William Barak standing with Jules de Pury, Rico Sace and an unknown visitor with Frederic Guillaume and Ada de Pury seated at Yeringberg c.1886-1890
Yarra Ranges Regional Museum, 5555
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[We would like it] if the Government [would] leave us here, give us this ground and let us manage Coranderrk.
William Barak, 1881
Crops flourished at both Coranderrk and Yeringberg in the 1860s: award-winning hops on the Aboriginal farm, award-winning wine grapes in the de Pury vineyard.
By the end of the 1870s however, John Green, a popular manager at Coranderrk, had been forced to resign. There was considerable political pressure to close down the station, strongly resisted by Barak and the Kulin.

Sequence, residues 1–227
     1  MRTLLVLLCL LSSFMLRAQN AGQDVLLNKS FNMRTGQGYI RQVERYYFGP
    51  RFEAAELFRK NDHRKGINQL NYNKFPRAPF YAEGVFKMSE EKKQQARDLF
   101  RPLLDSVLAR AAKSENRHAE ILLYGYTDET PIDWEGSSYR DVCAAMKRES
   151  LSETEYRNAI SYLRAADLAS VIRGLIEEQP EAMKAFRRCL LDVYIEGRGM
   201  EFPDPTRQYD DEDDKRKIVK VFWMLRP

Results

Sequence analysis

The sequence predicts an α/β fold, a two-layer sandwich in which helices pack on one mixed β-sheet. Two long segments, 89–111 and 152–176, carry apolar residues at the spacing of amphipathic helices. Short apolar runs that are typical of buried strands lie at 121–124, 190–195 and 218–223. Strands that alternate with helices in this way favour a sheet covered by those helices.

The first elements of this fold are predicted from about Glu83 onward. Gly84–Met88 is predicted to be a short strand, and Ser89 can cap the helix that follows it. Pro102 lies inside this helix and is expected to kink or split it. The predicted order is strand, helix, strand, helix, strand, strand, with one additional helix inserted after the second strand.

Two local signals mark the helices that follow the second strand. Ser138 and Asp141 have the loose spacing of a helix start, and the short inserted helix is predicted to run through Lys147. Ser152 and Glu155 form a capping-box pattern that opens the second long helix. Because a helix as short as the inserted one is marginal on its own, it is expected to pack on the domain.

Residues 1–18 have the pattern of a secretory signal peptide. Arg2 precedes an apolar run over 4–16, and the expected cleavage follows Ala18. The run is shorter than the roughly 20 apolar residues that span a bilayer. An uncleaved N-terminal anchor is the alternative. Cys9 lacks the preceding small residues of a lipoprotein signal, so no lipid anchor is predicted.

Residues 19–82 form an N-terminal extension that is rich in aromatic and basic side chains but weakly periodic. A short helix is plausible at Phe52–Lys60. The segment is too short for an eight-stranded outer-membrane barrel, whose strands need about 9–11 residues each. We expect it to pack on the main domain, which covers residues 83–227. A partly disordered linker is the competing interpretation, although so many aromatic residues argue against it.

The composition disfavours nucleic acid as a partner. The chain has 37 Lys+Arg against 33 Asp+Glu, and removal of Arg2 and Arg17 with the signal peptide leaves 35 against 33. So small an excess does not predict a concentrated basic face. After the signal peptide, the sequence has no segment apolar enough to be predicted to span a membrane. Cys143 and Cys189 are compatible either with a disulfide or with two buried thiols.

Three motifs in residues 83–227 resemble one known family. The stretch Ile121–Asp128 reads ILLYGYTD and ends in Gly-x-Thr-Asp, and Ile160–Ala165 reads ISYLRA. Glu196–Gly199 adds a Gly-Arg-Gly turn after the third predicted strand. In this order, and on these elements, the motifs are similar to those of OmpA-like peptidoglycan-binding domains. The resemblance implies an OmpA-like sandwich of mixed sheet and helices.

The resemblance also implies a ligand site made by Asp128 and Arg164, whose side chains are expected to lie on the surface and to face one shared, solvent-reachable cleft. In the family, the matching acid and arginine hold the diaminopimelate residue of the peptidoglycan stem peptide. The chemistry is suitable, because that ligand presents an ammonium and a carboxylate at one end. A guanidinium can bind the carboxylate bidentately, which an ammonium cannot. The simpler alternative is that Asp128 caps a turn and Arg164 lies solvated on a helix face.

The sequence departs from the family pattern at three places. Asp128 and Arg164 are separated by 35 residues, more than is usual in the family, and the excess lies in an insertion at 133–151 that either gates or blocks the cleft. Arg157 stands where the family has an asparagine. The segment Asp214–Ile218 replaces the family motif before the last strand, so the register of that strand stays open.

In 1881, a Victorian government inquiry into the future of Coranderrk Aboriginal Station was announced. Baron de Pury was invited to serve on the committee. He initially declined, then accepted. The reasons for his change of mind are unknown.
The inquiry brought into stark relief the power imbalances between the two properties.